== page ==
Post migration experiences of Zimbabweans in Pietermaritzburg, South Africa.
Mutambanengwe, Fadzai Angela.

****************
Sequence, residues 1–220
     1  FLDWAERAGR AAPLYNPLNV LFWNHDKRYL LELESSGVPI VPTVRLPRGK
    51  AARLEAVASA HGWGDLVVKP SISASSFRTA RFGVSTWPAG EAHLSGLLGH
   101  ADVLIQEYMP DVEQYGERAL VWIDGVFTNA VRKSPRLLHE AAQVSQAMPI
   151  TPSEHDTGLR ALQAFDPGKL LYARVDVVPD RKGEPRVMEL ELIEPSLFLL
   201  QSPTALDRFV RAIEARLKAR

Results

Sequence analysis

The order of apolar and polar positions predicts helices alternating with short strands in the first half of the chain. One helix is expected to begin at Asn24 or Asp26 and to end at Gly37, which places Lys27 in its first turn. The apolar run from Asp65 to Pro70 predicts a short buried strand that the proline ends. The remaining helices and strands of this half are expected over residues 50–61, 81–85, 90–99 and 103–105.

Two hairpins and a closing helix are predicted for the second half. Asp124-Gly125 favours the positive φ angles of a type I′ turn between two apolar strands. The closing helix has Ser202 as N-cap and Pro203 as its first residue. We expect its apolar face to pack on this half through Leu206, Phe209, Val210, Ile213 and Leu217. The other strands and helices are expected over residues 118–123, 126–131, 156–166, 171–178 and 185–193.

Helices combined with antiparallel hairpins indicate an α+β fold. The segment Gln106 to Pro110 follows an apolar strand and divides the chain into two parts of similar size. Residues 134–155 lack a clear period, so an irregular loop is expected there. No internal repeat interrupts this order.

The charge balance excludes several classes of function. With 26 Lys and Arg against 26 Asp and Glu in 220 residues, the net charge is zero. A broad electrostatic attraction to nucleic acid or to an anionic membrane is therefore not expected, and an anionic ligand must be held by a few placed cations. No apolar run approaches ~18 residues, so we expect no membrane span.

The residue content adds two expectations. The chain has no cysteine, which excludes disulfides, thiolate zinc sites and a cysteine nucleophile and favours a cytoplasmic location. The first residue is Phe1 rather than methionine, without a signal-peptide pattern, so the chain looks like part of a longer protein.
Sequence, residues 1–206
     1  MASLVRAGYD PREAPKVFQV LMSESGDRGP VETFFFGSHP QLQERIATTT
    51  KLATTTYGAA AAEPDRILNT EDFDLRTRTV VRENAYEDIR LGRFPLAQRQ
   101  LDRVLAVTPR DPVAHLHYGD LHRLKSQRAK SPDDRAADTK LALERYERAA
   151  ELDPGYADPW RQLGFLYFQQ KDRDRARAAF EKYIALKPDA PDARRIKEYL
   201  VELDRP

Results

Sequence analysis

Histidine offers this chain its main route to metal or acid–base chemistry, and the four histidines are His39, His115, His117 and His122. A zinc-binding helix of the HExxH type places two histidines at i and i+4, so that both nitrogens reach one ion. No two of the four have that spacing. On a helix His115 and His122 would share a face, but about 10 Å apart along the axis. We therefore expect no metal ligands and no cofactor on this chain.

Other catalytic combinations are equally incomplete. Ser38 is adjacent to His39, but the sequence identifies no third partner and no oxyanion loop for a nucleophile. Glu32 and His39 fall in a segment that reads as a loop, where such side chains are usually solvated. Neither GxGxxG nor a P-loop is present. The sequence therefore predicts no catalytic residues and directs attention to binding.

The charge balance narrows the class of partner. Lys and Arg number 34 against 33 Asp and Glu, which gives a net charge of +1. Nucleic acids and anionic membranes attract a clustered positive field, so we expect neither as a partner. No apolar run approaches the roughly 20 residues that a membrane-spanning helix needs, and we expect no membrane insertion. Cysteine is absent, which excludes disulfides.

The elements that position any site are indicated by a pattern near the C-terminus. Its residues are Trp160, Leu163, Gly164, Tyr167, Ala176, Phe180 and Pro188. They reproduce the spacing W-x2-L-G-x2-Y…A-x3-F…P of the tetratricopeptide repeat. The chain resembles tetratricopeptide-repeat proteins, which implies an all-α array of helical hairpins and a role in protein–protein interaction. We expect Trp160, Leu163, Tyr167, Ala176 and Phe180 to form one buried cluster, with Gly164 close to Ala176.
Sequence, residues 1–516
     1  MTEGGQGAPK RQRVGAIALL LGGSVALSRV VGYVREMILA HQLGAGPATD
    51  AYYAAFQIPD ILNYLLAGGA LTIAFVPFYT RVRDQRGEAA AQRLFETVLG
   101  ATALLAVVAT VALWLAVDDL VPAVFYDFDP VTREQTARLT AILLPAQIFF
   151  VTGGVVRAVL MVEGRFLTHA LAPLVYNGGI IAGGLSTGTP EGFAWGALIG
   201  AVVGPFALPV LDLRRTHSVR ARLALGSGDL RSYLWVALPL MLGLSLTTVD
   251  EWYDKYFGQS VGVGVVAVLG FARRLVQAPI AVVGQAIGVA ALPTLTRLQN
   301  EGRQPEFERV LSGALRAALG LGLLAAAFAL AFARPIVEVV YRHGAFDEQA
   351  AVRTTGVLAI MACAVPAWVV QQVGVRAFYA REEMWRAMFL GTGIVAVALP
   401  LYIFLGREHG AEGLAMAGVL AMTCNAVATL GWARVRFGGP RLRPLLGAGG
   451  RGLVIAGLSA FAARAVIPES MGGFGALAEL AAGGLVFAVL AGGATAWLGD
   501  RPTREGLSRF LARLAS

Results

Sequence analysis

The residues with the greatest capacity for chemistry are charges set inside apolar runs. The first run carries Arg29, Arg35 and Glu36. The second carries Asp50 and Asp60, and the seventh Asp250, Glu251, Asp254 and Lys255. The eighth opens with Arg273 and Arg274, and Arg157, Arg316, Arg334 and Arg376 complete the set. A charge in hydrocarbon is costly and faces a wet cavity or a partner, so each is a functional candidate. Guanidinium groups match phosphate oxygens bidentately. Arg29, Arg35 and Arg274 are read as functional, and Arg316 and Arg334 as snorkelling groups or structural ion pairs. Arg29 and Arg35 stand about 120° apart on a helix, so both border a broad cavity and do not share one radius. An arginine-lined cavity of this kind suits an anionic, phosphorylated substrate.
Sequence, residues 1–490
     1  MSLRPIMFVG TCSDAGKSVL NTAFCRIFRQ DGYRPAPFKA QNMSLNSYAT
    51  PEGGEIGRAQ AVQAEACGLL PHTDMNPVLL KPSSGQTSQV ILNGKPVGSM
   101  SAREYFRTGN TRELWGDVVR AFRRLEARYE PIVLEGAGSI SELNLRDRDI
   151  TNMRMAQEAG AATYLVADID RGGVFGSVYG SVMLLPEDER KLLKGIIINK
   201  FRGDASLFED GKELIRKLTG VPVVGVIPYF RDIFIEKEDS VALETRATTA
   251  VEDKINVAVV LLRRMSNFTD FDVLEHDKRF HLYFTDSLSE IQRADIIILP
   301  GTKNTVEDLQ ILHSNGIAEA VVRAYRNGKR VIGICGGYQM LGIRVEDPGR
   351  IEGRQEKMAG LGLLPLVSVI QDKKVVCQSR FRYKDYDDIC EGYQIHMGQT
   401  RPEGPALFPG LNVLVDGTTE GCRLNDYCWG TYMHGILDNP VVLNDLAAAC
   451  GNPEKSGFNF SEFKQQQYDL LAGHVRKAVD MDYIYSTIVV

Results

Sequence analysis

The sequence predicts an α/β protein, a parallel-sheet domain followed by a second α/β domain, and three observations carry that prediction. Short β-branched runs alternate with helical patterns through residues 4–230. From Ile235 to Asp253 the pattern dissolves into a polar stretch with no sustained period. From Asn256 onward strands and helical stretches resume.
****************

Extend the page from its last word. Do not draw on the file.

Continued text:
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Generally globalization has increased the number of the mobile populace making displacement and migration a common phenomenon in the narration of contemporary civilization. Over the past decade a vast number of Zimbabweans have migrated to different countries and still continue to do so, mainly due to the economic and political instability that has been present. This case study is an enquiry into the challenges Zimbabweans face when trying to settle or after settling in a foreign country. In spite of the difficulties Zimbabweans have faced in their native country, a large number of migrants may possibly be swapping old problems for a different array of extraneous and traumatic challenges. In order to understand the challenges that contemporary migrants face when settling it was essential to have a brief understanding of the reasons of migration as well as have a background nature of where they are coming from. Consequently this study begins by explaining the push and pull theory and the social inclusion theory which explain the migration patterns migration and post-migration experiences of Zimbabweans are likely to encounter. The researcher adopted both qualitative and quantitative research methods. The triangulation research technique was incorporated to heighten the level of interaction between the researcher and the subjects during the survey. It would appear that the declining level of education standards and lack of employment prompted much of the migration by Zimbabweans. The findings also revealed some discrepancies in perceptions and experiences of student and non-student migrants particularly in in how they perceive South Africans and in settling challenges. The biggest challenge encountered which still continues to pose as a problem is the language barrier.